Renters on Long Island are more likely to be "cost...

Renters on Long Island are more likely to be "cost burdened" by housing than renters anywhere else in the state, including New York City, a new report found. Credit: Getty Images/iStockphoto/Feverpitched

Long Island renters face the worst housing cost burden anywhere in the state —  even worse than renters in New York City. 

More than half of the region's renters — 51.4% — are considered "cost-burdened," which the federal government defines as paying at least 30% of gross income toward housing costs,  a new report from state Comptroller Thomas DiNapoli said. That compares with 48.6% of New York City renters and 49.9% of renters in the Mid-Hudson region, which includes Westchester County.

“This serves as a stark reminder of the need to relieve the housing cost burden for Long Islanders,” said Pilar Moya-Mancera, executive director of the Greenlawn-based nonprofit Housing Help.

As a whole, Long Island has fewer people paying 30% or more of their income toward housing costs than other parts of the state because renting is less common here, and homeowners are less likely to be burdened by their housing costs.

Renters make up slightly less than one-fifth of Long Island households compared with two-thirds of New York City households.

Around one-third of Long Island homeowners are considered cost-burdened by the federal measure,  which includes mortgage payments, property taxes, insurance and utilities.

The report, released Wednesday, showed that the gap between the percentage of renters and homeowners whose housing costs take up a large chunk of their income has grown wider since 2010, with fewer owners now stressed by property costs. Renters earning the least tend to be the most likely to face a cost burden.

“For too many New Yorkers, finding and keeping an adequate and affordable place to live has become more and more difficult,” DiNapoli said in a statement. “Rising costs are stretching household budgets and forcing trade-offs with other essentials, like food and health care. The consequences of housing insecurity are wide-ranging and while low-income renters are the most cost-burdened, these financial pressures are increasingly felt by middle-class households.”

When including all households — renters and owners — New York City had the greatest percentage of people paying at least 30% of their income toward housing costs, at 43%. Long Island is close behind at 36%, according to data from the U.S. Department of Housing and Urban Development collected from 2016 to 2020, which the comptroller's office wrote was the latest reliable data available.  

The percentage of households struggling with housing costs varied by race and ethnicity. Half of Hispanic Long Island households experienced housing insecurity, a category that includes people whose housing costs take up more than 30% of their income, who live in overcrowded households and who lack complete plumbing or kitchen facilities.

Of Black or African American households on Long Island, 45% experienced housing insecurity. The rates were 40% for Asian Long Islanders and 34% for white Long Islanders, according to the report.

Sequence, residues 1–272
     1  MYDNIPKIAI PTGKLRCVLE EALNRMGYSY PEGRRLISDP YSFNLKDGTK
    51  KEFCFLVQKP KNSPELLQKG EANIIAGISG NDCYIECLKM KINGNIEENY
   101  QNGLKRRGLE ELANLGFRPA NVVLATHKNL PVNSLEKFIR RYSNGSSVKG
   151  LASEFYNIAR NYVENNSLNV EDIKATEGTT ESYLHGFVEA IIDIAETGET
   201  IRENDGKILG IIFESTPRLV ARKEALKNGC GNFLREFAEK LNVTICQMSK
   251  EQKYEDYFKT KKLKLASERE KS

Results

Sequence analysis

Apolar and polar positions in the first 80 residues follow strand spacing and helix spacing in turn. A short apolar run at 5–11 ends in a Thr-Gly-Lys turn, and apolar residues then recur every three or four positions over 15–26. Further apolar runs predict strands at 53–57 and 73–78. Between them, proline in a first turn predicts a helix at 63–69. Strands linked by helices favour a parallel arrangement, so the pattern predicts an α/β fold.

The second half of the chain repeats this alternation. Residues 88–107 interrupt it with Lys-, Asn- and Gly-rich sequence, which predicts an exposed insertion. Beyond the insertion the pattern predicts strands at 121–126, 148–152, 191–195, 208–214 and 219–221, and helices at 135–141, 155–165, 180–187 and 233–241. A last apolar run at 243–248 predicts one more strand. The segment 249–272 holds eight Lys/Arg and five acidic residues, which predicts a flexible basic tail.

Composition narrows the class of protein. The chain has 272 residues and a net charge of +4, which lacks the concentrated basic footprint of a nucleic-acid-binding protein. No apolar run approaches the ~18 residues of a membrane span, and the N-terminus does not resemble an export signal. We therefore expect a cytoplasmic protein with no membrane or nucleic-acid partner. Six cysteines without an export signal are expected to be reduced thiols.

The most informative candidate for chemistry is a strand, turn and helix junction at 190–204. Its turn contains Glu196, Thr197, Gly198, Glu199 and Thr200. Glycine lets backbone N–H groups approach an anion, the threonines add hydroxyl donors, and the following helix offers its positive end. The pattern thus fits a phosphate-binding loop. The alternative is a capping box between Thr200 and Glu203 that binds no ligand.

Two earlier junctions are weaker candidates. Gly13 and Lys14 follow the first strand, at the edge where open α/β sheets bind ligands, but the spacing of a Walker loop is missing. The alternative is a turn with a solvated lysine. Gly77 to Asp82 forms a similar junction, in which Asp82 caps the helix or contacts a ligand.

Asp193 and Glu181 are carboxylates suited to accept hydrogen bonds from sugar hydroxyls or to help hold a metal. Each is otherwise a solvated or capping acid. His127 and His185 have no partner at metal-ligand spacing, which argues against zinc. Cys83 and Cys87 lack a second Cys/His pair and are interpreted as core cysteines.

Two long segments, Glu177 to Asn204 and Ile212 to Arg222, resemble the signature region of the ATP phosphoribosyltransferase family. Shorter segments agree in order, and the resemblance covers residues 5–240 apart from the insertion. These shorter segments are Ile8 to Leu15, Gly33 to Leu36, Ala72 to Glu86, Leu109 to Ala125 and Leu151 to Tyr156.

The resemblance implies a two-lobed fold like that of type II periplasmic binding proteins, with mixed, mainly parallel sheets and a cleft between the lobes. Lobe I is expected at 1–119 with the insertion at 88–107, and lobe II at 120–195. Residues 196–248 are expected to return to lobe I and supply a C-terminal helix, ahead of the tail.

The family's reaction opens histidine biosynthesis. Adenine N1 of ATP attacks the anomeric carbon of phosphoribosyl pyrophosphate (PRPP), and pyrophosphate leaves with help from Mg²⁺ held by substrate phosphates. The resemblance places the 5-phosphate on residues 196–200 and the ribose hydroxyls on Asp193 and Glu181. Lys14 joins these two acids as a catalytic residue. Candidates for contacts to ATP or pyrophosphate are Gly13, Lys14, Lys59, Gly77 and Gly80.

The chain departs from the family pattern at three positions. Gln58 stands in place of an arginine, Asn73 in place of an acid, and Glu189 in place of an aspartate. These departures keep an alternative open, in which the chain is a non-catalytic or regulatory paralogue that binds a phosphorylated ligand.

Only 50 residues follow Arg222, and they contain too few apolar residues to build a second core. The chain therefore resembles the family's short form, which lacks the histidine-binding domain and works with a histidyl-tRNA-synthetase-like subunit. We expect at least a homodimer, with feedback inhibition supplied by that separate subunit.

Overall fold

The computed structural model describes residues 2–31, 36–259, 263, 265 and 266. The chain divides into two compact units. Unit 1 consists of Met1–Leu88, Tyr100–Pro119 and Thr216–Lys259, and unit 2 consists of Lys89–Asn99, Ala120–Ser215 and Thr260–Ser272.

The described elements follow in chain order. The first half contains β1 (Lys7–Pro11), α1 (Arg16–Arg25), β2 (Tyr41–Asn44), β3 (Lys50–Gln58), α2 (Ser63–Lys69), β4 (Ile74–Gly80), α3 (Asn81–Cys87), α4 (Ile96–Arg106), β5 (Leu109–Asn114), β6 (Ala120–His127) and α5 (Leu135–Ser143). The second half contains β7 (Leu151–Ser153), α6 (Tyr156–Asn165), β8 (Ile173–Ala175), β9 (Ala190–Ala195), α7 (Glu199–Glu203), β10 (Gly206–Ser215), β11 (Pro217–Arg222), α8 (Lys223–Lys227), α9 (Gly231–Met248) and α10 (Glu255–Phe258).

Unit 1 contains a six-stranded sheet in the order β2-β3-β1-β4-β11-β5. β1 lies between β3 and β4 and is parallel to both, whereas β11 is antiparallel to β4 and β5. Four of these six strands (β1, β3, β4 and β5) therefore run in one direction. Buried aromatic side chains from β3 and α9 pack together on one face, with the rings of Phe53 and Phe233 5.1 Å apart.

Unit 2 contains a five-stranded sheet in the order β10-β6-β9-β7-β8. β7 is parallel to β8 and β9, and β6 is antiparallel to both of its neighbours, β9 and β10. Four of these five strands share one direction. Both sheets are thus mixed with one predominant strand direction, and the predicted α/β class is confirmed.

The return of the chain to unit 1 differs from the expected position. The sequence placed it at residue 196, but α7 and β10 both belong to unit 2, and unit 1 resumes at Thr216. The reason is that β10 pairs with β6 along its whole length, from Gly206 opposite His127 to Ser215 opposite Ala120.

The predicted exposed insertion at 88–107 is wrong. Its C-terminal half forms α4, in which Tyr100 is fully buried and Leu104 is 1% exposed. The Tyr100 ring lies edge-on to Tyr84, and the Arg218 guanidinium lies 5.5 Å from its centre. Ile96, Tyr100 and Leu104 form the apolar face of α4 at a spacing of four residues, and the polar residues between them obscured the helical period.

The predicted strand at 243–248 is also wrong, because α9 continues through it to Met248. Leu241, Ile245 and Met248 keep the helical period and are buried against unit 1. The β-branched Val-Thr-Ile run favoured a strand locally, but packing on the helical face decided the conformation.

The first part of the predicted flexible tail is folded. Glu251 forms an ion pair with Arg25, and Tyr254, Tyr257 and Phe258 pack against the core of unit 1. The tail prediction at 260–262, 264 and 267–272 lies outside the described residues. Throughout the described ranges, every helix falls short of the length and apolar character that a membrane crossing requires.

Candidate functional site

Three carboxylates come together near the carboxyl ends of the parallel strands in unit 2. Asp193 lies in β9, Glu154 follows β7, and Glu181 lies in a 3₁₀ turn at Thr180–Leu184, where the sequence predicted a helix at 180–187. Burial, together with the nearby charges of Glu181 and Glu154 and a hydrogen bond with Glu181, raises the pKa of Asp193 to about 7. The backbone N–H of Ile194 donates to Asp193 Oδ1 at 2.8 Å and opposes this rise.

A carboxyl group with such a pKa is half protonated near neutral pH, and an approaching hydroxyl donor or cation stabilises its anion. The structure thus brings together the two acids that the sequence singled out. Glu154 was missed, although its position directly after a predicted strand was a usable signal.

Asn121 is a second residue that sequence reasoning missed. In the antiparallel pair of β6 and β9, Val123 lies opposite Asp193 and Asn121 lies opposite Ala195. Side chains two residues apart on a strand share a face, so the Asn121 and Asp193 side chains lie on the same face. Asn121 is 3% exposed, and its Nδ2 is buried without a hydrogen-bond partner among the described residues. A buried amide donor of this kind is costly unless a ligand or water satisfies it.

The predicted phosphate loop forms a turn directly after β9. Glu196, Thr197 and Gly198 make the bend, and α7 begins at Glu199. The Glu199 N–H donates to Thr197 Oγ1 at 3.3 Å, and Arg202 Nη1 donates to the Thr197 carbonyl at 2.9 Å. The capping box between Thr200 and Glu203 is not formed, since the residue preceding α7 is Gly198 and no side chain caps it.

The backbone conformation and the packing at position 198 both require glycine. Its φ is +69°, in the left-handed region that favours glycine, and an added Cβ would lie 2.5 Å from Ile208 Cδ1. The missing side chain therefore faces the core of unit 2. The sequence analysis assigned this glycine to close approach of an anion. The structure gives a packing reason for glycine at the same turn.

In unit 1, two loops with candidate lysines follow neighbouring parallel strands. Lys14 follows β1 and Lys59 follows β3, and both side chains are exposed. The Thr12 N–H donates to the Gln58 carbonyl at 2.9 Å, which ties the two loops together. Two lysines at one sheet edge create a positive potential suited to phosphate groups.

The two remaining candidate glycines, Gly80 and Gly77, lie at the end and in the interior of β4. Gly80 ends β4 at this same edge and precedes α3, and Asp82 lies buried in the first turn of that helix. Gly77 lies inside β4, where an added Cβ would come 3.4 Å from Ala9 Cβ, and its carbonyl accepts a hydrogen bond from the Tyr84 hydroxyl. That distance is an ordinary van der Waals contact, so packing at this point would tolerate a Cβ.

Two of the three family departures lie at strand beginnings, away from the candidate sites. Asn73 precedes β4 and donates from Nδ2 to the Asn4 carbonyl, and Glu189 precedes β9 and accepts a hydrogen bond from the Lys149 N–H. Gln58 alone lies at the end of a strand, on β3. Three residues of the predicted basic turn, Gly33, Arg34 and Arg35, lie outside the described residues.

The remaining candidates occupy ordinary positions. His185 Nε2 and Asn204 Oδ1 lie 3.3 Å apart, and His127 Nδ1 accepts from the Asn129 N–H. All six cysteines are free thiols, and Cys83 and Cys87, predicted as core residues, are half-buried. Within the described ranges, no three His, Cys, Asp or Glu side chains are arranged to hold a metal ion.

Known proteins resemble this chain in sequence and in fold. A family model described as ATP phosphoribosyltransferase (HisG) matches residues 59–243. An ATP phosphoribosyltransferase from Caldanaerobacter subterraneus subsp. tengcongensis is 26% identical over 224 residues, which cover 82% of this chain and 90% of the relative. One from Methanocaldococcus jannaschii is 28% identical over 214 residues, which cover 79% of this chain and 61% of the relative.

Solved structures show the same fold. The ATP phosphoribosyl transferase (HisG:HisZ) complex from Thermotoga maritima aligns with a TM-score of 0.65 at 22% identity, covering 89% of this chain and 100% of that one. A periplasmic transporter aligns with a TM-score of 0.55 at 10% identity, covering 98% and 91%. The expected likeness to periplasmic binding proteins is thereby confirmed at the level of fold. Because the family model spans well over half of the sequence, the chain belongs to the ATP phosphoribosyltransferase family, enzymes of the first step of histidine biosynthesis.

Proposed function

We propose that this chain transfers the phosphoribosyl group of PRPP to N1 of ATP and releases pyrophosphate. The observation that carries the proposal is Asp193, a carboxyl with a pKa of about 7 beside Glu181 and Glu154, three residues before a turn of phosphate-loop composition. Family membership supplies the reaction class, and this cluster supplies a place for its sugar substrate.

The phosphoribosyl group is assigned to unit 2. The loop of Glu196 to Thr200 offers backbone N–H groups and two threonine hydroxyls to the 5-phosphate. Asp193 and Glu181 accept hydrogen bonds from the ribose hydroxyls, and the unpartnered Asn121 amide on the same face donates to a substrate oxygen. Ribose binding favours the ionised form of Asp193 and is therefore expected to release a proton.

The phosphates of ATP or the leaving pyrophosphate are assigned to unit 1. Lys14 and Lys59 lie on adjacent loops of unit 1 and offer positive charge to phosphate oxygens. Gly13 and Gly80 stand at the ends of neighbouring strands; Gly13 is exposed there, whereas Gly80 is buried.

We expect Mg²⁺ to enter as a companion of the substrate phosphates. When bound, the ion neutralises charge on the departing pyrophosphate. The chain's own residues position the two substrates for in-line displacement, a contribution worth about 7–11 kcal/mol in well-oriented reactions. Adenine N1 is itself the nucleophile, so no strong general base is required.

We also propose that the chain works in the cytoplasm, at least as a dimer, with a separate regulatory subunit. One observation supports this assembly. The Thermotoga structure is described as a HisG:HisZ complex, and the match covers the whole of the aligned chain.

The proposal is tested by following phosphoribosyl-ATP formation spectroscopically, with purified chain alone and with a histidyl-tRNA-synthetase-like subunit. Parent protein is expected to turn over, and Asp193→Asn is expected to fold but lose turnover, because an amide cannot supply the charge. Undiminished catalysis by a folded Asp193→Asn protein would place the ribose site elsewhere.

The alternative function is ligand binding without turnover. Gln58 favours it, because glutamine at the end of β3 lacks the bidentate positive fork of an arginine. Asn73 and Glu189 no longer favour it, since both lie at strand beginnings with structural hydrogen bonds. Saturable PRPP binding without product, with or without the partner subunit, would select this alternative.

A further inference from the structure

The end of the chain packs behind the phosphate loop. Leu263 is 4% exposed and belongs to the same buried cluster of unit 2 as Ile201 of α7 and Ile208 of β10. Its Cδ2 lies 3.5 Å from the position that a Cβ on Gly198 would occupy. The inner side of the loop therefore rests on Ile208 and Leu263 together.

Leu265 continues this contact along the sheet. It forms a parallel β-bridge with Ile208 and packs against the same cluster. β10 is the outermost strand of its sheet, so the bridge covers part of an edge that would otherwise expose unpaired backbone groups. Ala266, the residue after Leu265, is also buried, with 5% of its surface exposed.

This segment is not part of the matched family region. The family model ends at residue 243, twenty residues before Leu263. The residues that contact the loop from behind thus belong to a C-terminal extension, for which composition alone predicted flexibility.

About 3,500 Long Islanders were homeless last year, according to data from the U.S. Department of Housing and Urban Development. That represents a 12% increase compared with 2010, which is roughly in line with the state as a whole. In New York City, the homeless population increased 66% since 2010 to about 88,000 last year, according to HUD.

To address high housing costs, DiNapoli recommended New York State seek greater federal assistance to expand the number of vouchers it can offer to low-income renters and tax credits for low-income housing developers. He also urged the state to improve the effectiveness of state programs designed to provide housing aid and encourage local governments to support more housing options.

Last year, Gov. Kathy Hochul proposed building 800,000 housing units across the state over the next decade by pushing local governments to approve more housing. In the previous decade, 462,000 units had been built.

Hochul’s initial plan required towns and villages to meet certain housing targets and if they failed to do so, developers could appeal to a state board to override local zoning decisions. That proposal met fierce resistance from suburban lawmakers, including those on Long Island who sought to preserve local control over housing decisions. The plan failed to make it into the final budget.

Instead, the governor has created a program to give communities that demonstrate their past or future commitment to building homes priority in receiving $650 million in state funding. Mineola was the first Long Island community to receive the pro-housing designation last week, one of 20 locations that were certified statewide. The governor said about 60 additional towns and villages in New York had applied. 

DiNapoli suggests the state provide support to local governments willing to review and update their zoning rules, which many communities may not have done in decades. Such updates could eliminate restrictive zoning rules that prevent housing from being built.

The comptroller also recommended continued funding to provide legal representation for low-income households facing eviction.

The statistics weren't a surprise to local housing observers. 

“It’s very well expected. We have a lot of employees who live here on Long Island and many of them struggle to afford rents,” said Ralph Fasano, executive director of Concern Housing, an affordable-housing developer based in Medford. “The affordable housing we do provide is very much in demand. Rents have been going up steadily over the years, so much of the rental housing is unaffordable to people.”

Moya-Mancera said Housing Help hears from about 2,000 people a year who are looking for housing that will be affordable for them, and almost all of those clients would be categorized as rent-burdened. The nonprofit’s clients sometimes prioritize rent over food because they worry about finding another apartment, she said.

She has supported proposals to increase the supply of housing on Long Island, noting the need for affordable housing to attract teachers, health aides and employees for businesses.

“If we don’t solve our housing problem, I don’t know how sustainable Long Island will be,” she said. 

Long Island renters face the worst housing cost burden anywhere in the state —  even worse than renters in New York City. 

More than half of the region's renters — 51.4% — are considered "cost-burdened," which the federal government defines as paying at least 30% of gross income toward housing costs,  a new report from state Comptroller Thomas DiNapoli said. That compares with 48.6% of New York City renters and 49.9% of renters in the Mid-Hudson region, which includes Westchester County.